Is the conservative war on lab-cultivated meat a matter of protecting consumers, protecting the beef lobby, or just owning the libs?
Beef is displayed at Laurenzo’s Italian Center on January 13, 2014, in North Miami Beach, Florida. (Photo by Joe Raedle via Getty Images)

Florida Just Banned Lab-Grown Meat. I Tried to Find Out Why

Is the conservative war on lab-cultivated meat a matter of protecting consumers, protecting the beef lobby, or just owning the libs?

A version of this story originally appeared in Pirate Wires

On March 6, the Florida House of Representatives passed legislation prohibiting the manufacture and sale of cultivated, or “lab-grown,” meat in Florida. Governor DeSantis is expected to sign the bill, and when he does, Florida will become the first state to ban cultivated meat, which is made by replicating the cells of real meat without the need to actually raise and slaughter the animal. 

Other states, including Arizona, Kentucky, New Hampshire, Tennessee, and Alabama are considering similar bans. But what is the fight over cultivated meat really about? Is it economics, with one industry lobbying for protection from another? Is it the culture war, pitting red-blooded, carnivorous Americans against effete cosmopolitan environmentalists? Or is this truly a question of safety, as the state government, apparently in conflict with the FDA, has argued? 

“The beef industry, specifically the Cattlemen’s Association, is behind this,” said Josh March, referring to the push to ban cultivated meat in Florida. March is the CEO of SciFi Foods, a start-up that produces cultivated beef. “It’s straight-up protectionism.”

It’s no secret that the Florida Cattlemen’s Association (FCA) has lobbied to ban cultivated meat in Florida, or that it has some influence in the state. Through its fittingly named “Florida Cow PAC,” the FCA gave $10K to another PAC in 2021 to conduct a fundraiser for the president of the Florida Senate. Since 2017, it has contributed $75,000 to Ron DeSantis, more than any other candidate, and has spent $72,000 on the Florida Republican Senatorial Campaign Committee during the same period. It has also maxed out campaign donations to Agriculture Commissioner Wilton Simpson and several state legislators who were instrumental in pushing the cultivated meat ban, including Danny Alvarez, Clay Yarborough, and Tyler Sirois.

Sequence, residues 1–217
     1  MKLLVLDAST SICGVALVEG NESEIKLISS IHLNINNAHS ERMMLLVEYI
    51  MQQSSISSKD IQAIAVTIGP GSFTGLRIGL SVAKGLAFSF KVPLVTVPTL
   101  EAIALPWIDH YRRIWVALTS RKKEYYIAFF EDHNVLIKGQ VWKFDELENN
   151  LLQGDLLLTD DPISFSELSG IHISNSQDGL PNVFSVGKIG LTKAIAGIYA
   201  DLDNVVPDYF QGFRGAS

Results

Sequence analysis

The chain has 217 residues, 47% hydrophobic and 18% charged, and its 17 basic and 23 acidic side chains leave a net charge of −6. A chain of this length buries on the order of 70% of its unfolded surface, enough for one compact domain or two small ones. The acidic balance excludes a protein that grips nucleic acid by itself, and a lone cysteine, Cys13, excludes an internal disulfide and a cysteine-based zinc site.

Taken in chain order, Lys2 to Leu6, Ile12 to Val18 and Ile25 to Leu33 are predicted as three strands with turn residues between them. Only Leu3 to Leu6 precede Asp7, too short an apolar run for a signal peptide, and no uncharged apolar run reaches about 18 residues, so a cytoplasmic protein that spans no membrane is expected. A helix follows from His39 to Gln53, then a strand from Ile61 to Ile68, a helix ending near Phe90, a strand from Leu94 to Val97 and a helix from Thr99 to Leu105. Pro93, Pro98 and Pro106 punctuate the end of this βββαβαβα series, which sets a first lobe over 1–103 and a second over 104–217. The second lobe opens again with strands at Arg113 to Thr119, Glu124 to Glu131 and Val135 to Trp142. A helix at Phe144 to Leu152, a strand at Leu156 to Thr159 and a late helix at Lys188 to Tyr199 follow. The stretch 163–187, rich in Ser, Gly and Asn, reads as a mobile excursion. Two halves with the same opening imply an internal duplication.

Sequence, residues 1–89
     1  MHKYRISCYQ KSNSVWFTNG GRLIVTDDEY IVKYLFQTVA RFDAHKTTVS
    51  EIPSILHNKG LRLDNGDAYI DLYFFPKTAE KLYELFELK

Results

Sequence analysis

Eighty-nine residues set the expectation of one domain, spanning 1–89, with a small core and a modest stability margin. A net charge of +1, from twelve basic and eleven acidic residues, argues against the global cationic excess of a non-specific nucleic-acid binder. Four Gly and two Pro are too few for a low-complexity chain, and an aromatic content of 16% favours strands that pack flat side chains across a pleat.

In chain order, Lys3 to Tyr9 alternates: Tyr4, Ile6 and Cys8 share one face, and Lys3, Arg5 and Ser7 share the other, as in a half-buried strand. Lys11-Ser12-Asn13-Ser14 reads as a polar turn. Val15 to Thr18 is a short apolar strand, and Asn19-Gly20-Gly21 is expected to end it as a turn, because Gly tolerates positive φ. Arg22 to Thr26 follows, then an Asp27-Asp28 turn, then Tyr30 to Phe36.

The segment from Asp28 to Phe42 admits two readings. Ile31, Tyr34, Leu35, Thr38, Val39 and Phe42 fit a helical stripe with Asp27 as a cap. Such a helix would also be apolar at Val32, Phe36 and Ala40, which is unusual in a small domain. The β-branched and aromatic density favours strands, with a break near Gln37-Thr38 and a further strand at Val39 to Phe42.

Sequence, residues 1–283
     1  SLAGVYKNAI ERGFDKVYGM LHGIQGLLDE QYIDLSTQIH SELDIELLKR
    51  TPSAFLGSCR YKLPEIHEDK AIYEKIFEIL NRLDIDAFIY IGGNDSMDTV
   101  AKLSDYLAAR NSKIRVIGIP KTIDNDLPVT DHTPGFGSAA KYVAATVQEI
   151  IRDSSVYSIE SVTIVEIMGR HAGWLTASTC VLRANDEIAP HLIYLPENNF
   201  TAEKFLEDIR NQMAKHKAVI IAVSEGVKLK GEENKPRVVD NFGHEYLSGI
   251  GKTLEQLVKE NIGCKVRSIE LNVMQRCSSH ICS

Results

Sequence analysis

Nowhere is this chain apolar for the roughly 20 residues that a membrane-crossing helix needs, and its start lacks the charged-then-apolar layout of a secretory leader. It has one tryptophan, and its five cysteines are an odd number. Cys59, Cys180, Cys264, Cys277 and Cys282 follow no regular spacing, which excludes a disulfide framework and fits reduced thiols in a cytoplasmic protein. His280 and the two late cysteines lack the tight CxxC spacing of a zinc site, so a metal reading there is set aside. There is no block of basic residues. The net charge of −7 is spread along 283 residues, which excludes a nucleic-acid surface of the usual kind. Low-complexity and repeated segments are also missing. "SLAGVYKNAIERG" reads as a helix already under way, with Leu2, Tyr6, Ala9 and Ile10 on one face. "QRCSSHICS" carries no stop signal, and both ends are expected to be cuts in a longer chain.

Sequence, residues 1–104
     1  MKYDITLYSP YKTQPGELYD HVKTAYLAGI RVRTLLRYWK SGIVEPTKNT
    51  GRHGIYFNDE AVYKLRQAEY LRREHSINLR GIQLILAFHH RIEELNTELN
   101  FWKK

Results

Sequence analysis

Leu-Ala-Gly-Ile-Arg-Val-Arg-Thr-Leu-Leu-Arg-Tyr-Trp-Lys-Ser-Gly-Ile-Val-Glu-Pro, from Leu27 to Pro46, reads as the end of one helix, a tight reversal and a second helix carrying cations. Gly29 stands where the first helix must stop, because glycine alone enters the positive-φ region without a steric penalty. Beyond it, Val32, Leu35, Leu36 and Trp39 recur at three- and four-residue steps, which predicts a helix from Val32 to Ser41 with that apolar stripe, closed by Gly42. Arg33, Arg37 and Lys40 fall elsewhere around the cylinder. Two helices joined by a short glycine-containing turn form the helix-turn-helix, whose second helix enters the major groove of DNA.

Still, the maximum contributions are fairly low in Florida, at $3,000 for a statewide office and just $1,000 for legislative seats. Is this really enough to buy a party?

Supporters of the bill say protectionism has nothing to do with it. “Protecting them from what? A product that doesn’t exist yet?” said Florida State Representative Dean Black, a Republican from Jacksonville and supporter of the ban. When I asked why he thought the FCA had lobbied for the ban, he said, “They believe they have a product that is safe,” and noted that he was a fifth-generation Florida cattle rancher himself.

Josh March also comes from a farming family—his father owns a small herd of cattle in Scotland—and says that small-hold ranchers like his father don’t have much to fear from cultivated meat, at least for the foreseeable future. “Cultivated meat is still very early on in its development, and it will take many years to scale up production.” He pointed out that demand for meat was increasing all over the world, even as supply decreased in certain places—specifically, the American Midwest, where a drought last year wreaked havoc on the local beef industry. Companies like his, March argued, function to augment, rather than replace, the beef industry.